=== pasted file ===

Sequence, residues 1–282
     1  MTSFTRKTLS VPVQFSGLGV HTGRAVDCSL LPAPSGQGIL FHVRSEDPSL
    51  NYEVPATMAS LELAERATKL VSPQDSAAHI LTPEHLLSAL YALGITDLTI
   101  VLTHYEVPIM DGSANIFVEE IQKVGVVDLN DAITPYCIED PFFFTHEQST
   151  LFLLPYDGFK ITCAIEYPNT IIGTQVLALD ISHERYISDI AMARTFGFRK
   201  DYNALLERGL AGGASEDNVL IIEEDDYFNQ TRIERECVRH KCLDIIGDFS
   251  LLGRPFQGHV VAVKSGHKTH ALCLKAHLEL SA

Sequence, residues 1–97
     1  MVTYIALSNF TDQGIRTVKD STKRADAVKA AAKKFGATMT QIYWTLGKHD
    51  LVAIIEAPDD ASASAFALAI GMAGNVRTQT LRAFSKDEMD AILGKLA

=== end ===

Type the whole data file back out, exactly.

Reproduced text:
Sequence, residues 1–282
     1  MTSFTRKTLS VPVQFSGLGV HTGRAVDCSL LPAPSGQGIL FHVRSEDPSL
    51  NYEVPATMAS LELAERATKL VSPQDSAAHI LTPEHLLSAL YALGITDLTI
   101  VLTHYEVPIM DGSANIFVEE IQKVGVVDLN DAITPYCIED PFFFTHEQST
   151  LFLLPYDGFK ITCAIEYPNT IIGTQVLALD ISHERYISDI AMARTFGFRK
   201  DYNALLERGL AGGASEDNVL IIEEDDYFNQ TRIERECVRH KCLDIIGDFS
   251  LLGRPFQGHV VAVKSGHKTH ALCLKAHLEL SA

Sequence, residues 1–97
     1  MVTYIALSNF TDQGIRTVKD STKRADAVKA AAKKFGATMT QIYWTLGKHD
    51  LVAIIEAPDD ASASAFALAI GMAGNVRTQT LRAFSKDEMD AILGKLA